Here Are Safe and Successful Methods to Keep Your Dog out of the Litter Box

A dog snacking from the cat's litter box isn't immediate cause for health concerns, vets say, but you can safely discourage the behavior.

Jamie Bichelman - Author

Feb. 22 2024, Published 1:28 p.m. ET

A dog and cat lay together underneath a checkered blanket.
Source: iStock

Despite the adversarial relationship depicted in cartoons, many family dogs and cats get along well and may sometimes engage in behavior that their humans find confusing and gross. It's fairly normal for dogs to eat the poop of other animals, and it's not uncommon for dogs to consider the family cat's litter box a free buffet of tasty snacks.

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While some veterinarians and trainers have recommended sprays or stern yelling as methods to deter behavior, this is considered by some certified behaviorists to be an inhumane and unnecessarily aggressive approach.

Below, we explore ethical and effective ways to curb your dog's litter box lust, safely redirecting their behavior — and appetite.

1. Use an enclosed litter box.

A smiling young girl teaches her two companion cats to use a blue enclosed litter box.
Source: iStock

The number one recommendation from a veterinarian, via Bored Panda, is to utilize a litter box with a lid to form an enclosure. The lid may also aid in blocking the odor from traveling to your dog's nose, further assisting in helping them resist temptation.

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2. Ensure the litter box is cleaned daily.

A cat parent scoops litter from a blue litter box in front of a cat.
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As a proud human to two emotional support cats, our family established a routine of cleaning the litter twice (upon waking up and before bed) when we're home all day and three times (an additional cleaning before leaving the house) if we're going out.

Per Hill's Pet Nutrition, while it isn't necessarily realistic to clean every time your cat uses the box, keeping it cleaned daily (which you already should be doing) effectively removes the waste your dog is seeking.

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3. Install a baby gate.

A white gate separates a family dog and cat on the stairs inside a home.
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Per the Ohio-based West Park Animal Hospital, the right model of a baby gate can provide your cat sufficient room to navigate their way to the litter box while providing a barrier to keep the family dog out of the box.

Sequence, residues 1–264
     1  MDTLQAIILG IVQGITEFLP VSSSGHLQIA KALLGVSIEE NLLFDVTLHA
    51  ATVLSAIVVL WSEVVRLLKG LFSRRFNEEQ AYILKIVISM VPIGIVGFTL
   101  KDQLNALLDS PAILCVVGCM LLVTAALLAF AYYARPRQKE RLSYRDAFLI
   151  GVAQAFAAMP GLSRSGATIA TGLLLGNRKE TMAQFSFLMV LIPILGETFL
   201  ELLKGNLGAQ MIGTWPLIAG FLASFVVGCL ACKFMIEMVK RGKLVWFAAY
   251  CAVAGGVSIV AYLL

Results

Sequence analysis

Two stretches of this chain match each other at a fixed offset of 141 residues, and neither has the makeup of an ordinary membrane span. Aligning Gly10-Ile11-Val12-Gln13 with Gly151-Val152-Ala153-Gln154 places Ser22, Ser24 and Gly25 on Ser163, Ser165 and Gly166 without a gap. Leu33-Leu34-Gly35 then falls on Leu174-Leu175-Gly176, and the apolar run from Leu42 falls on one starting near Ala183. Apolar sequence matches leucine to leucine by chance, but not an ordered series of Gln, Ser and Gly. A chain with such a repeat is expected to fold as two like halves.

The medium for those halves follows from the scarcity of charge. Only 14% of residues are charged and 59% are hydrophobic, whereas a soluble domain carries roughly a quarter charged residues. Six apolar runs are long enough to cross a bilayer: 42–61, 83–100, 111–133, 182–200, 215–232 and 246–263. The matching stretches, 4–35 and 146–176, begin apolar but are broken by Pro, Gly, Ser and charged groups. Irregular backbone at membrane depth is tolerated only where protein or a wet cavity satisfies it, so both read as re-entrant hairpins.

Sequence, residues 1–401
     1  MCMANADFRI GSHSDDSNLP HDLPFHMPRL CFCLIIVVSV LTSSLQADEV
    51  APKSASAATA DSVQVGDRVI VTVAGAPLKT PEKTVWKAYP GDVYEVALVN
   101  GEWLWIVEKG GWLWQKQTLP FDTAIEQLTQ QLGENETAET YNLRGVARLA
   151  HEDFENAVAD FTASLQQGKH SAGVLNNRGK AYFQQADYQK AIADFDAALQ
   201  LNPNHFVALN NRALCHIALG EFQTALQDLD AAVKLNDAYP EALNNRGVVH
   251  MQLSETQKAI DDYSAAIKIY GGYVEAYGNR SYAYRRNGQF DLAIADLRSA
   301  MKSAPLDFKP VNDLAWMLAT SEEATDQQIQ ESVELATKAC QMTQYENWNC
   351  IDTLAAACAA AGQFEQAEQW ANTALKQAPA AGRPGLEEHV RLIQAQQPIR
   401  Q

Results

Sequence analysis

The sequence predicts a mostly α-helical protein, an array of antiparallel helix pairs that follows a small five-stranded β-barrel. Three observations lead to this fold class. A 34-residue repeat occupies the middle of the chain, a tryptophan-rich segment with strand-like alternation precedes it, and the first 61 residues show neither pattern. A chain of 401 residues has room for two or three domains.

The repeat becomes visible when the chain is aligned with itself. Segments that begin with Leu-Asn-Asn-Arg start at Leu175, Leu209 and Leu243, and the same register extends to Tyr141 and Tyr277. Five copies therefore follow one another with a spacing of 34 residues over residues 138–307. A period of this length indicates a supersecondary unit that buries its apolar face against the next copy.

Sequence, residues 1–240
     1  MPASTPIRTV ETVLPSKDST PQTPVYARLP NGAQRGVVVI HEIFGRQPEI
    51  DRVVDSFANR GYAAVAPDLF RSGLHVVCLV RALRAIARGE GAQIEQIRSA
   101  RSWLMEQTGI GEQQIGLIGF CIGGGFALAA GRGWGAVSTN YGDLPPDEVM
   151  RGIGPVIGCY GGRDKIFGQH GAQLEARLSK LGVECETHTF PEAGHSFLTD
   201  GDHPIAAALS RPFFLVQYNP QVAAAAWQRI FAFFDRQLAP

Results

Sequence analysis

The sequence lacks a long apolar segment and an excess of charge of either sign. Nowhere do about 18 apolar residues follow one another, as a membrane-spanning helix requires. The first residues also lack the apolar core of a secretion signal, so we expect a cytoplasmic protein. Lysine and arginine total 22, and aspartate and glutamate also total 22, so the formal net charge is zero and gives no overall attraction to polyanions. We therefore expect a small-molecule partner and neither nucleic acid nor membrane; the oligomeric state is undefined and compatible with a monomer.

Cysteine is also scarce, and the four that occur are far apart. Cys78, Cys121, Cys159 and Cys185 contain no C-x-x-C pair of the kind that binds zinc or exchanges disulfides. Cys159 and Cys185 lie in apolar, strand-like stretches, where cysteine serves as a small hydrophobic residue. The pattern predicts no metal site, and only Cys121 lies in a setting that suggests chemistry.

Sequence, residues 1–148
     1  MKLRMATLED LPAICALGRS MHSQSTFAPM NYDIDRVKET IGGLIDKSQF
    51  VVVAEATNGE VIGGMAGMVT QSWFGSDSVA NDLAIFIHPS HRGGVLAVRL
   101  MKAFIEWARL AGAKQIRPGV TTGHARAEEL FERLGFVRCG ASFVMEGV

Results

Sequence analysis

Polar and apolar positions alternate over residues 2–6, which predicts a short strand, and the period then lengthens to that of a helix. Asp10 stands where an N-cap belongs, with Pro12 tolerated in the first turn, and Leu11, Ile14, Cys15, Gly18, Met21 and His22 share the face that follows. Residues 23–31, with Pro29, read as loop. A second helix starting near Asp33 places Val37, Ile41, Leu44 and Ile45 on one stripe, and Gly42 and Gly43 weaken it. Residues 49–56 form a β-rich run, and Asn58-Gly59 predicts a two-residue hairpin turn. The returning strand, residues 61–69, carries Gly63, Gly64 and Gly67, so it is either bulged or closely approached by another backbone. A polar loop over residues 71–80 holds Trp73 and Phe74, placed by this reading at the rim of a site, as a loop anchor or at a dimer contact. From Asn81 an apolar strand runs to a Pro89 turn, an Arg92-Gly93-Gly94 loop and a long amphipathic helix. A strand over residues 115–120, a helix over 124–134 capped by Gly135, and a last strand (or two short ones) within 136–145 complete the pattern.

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4. Use an elevated litter box.

Multicolored cat with green eyes sitting atop a covered litter box.
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Per the Litter-Robot blog, an elevated litter box affords cats the privacy they often seek. For cats who cannot use one due to physical or age-related needs, Litter-Robot recommends a ramp to provide them a safe accommodation to use a box of this nature.

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5. Designate a special room or area for the litter box away from the dog.

A gray cat lays atop a cat perch beside a window in a bedroom.
Source: iStock

One of the biggest upgrades we enjoyed when we moved into a multi-bedroom home was designating space for our cats to have privacy away from rescue and foster dogs.

While not every home affords the luxury and ample space to name an entire room just for the cats, according to Bored Panda if there is a space where the dog rarely goes, it might prove useful to place the litter box there.

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6. Work with a certified behaviorist to explore humane solutions.

A woman sits on the floor with a white Maltese dog in the living room of a home.
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While some trainers advocate for the use of negative reinforcement strategies to stop dogs from getting into the litter box, finding a certified and educated behaviorist allows families to get to the root cause of the issue and remedy the situation in a humane way.

Whether it's modifying feeding routines or creating a plan that works for human and companion animal, this method promises the safest and most loving way to address the situation.

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